• Hitler's Great Gamble

  • A New Look at German Strategy, Operation Barbarossa, and the Axis Defeat in World War II
  • By: James Ellman
  • Narrated by: David de Vries
  • Length: 8 hrs and 56 mins
  • Categories: History, Europe
  • 4.2 out of 5 stars (9 ratings)

Audible Premium Plus

$14.95 a month

1 audiobook of your choice.
Stream or download thousands of included titles.
$14.95 a month after 30 day trial. Cancel anytime.
Buy for $17.49

Buy for $17.49

Pay using card ending in
By confirming your purchase, you agree to Audible's Conditions of Use and Amazon's Privacy Notice. Taxes where applicable.

Publisher's Summary

On June 22, 1941, Hitler invaded the Soviet Union in Operation Barbarossa, one of the turning points of World War II. Within six months, the invasion bogged down on the outskirts of Moscow, and the Eastern Front proved to be the decisive theater in the defeat of the Third Reich. Ever since, most historians have agreed that this was Hitler's gravest mistake. In Hitler's Great Gamble, James Ellman argues that while Barbarossa was a gamble and perverted by genocidal Nazi ideology, it was not doomed from the start. Rather it represented Hitler's best chance to achieve his war aims for Germany, which were remarkably similar to those of the kaiser's government in 1914. Other options, such as an invasion of England or an offensive to seize the oil fields of the Middle East, were considered and discarded as unlikely to lead to Axis victory.

In Ellman's recounting, Barbarossa did not fail because of flaws in the Axis invasion strategy, the size of the USSR, or the brutal cold of the Russian winter. Instead, German defeat was due to errors of Nazi diplomacy. Hitler chose not to coordinate his plans with his most militarily powerful allies, Finland and Japan, and ensure the seizure of the ports of Murmansk and Vladivostok. Had he done so, Germany might well have succeeded in defeating the Soviet Union and, perhaps, winning World War II.

©2019 James Ellman (P)2020 Tantor

More from the same

What listeners say about Hitler's Great Gamble

Average Customer Ratings
Overall
  • 4 out of 5 stars
  • 5 Stars
    5
  • 4 Stars
    3
  • 3 Stars
    0
  • 2 Stars
    0
  • 1 Stars
    1
Performance
  • 5 out of 5 stars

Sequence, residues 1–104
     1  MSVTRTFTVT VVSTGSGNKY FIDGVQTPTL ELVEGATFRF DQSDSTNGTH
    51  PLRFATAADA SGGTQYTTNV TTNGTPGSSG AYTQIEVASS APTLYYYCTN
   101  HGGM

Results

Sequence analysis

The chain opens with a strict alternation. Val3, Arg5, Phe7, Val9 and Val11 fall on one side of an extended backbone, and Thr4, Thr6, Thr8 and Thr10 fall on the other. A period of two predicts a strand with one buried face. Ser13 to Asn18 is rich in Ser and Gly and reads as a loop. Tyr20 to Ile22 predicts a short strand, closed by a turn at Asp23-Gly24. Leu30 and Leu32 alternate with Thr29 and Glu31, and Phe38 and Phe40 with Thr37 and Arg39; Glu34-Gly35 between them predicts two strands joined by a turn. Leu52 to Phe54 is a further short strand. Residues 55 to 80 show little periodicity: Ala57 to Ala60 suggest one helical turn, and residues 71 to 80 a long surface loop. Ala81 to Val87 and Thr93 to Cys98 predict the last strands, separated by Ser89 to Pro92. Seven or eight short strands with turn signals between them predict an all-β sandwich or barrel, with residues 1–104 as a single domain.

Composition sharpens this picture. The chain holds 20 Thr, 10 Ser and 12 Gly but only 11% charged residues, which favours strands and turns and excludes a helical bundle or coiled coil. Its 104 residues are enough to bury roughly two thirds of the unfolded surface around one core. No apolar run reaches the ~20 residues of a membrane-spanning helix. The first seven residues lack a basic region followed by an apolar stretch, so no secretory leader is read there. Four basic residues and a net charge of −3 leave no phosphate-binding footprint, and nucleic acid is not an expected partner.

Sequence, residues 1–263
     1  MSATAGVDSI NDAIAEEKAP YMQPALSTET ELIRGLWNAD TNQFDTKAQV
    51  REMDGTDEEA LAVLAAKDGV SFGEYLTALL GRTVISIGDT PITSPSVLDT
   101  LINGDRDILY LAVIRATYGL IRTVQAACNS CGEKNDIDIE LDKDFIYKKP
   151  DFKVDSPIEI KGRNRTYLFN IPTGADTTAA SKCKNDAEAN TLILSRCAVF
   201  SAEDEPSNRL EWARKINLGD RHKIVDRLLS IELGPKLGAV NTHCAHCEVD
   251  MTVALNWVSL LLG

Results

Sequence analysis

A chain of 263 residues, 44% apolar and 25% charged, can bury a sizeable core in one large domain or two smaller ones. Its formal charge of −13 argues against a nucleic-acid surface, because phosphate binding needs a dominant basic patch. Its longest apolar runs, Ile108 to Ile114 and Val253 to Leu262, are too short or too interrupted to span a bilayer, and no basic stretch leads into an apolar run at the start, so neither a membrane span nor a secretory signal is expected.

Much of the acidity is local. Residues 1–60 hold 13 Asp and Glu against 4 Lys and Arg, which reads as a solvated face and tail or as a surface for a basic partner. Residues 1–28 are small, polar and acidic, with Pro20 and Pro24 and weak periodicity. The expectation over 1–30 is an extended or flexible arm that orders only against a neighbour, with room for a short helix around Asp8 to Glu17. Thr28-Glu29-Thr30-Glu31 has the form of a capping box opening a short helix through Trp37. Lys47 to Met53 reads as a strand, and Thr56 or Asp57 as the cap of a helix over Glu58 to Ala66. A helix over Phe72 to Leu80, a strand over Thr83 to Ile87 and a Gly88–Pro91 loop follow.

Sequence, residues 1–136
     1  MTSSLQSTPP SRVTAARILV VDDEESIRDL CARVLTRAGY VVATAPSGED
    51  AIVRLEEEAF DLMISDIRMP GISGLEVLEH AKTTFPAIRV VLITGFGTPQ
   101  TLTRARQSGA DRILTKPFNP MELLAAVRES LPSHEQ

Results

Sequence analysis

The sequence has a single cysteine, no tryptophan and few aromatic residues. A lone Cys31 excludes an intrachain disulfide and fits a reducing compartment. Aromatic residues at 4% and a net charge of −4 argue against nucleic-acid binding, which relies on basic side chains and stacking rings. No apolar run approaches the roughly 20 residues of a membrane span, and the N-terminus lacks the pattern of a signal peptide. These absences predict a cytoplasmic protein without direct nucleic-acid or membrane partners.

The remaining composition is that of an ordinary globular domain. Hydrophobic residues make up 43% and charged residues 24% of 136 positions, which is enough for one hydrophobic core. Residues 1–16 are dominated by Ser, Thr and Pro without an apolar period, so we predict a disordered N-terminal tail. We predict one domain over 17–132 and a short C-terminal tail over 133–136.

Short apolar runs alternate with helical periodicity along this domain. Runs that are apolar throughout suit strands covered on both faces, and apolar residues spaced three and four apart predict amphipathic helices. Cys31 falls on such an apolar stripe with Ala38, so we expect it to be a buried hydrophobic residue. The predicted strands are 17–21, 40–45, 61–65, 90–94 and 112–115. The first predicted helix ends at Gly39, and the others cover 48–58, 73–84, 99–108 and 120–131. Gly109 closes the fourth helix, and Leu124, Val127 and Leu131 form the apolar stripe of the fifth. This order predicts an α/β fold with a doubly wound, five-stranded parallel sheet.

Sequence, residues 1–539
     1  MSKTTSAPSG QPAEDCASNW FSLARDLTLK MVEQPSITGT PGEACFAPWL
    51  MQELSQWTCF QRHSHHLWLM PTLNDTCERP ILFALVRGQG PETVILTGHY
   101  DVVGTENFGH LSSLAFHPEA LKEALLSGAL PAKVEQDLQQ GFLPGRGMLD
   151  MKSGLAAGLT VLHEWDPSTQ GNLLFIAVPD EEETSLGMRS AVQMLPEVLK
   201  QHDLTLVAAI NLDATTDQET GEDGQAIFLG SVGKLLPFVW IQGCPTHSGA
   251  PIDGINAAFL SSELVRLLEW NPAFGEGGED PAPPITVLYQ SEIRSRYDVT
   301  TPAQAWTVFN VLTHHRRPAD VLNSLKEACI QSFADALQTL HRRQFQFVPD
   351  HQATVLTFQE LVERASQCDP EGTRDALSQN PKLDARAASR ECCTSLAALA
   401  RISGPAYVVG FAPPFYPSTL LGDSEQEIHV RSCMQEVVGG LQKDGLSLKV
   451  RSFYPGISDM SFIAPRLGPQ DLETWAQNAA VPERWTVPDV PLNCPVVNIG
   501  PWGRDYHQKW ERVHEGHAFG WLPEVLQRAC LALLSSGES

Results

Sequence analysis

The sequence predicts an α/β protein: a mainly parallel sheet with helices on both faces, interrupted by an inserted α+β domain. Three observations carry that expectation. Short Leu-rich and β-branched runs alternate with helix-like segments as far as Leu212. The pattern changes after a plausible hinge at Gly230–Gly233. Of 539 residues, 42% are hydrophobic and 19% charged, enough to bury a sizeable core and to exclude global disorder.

• 5 Stars
    7
  • 4 Stars
    2
  • 3 Stars
    0
  • 2 Stars
    0
  • 1 Stars
    0
Story
  • 4 out of 5 stars
  • 5 Stars
    5
  • 4 Stars
    2
  • 3 Stars
    1
  • 2 Stars
    0
  • 1 Stars
    1

Reviews - Please select the tabs below to change the source of reviews.

Sort by:
Filter by:
  • Overall
    4 out of 5 stars
  • Performance
    4 out of 5 stars
  • Story
    4 out of 5 stars

Good solid speculation well documented

A WWII Biggs “good read.” Well to recommend to historians and alt-historians. Worth the price.

  • Overall
    4 out of 5 stars
  • Performance
    5 out of 5 stars
  • Story
    5 out of 5 stars

Full of good information and a pretty well established thesis

I don’t agree with the other reviewer. This book is trending right along the line of Enduring the Whirlwind. Enduring focused half a chapter on why invading Russia when it happened was a pretty decent play and why Germany felt it pretty much had to else compromise their position. Half a chapter is not much but that books aim is to update our thinking on the causes of the 3rd Reichs defeat on the ground in the East. This reasoning is sound and this book and Enduring provide support for this. This books focus is also a bit wider in view. Enduring focused on replacements and losses on the eastern front, this book is much larger in scope but also focused in on the Eastern front. They both buck the trend. There isn’t much in between heavy academic works about the war, ones that actually stand to change our perceptions of what happened and why, and popular tales such as memoirs which CAN perpetuate falsehood (some purposeful like German staff studies post war, or innocently by a front line soldier 40 years post war). This book tries to bridge this gap some by offering the casual reader some information that is controversial, as it goes against what people have been told all their lives about WW2, and making it a little more accessible. I found this work to be pretty well supported. The reasoning for attacking Soviet Russia is now really being fleshed out and appears true. They did negotiate with Russia but the Caucuses were needed by Germany and they couldn’t go without them. Thus, they had to invade Russia to support their Eastern allies. The parts that are less well fleshed out are when he begins talking about Japan. I found it all very interesting. Logical as well. It will be interesting to see if more evidence can be found on those interactions to help this narrative of events become more mainstream. It’s a good book. If you love reading or listening to history, this book is different and interestingness I think you will enjoy it. If you like it, check out Enduring the Whirlwind, that book along with David Glantz’s books are reshaping the narrative of the Eastern front.

  • Overall
    1 out of 5 stars
  • Performance
    5 out of 5 stars
  • Story
    1 out of 5 stars

Just don’t suffer the stupidity

I think someone played a bit too much Axis & Allies as a kid then as an adult decide to use the game play as his has operating theory to write a book. I actually hope the author goal was a simple money grab on ww2 book popularity and not his actual-beliefs because it would make me fear for the future of scholarly thought.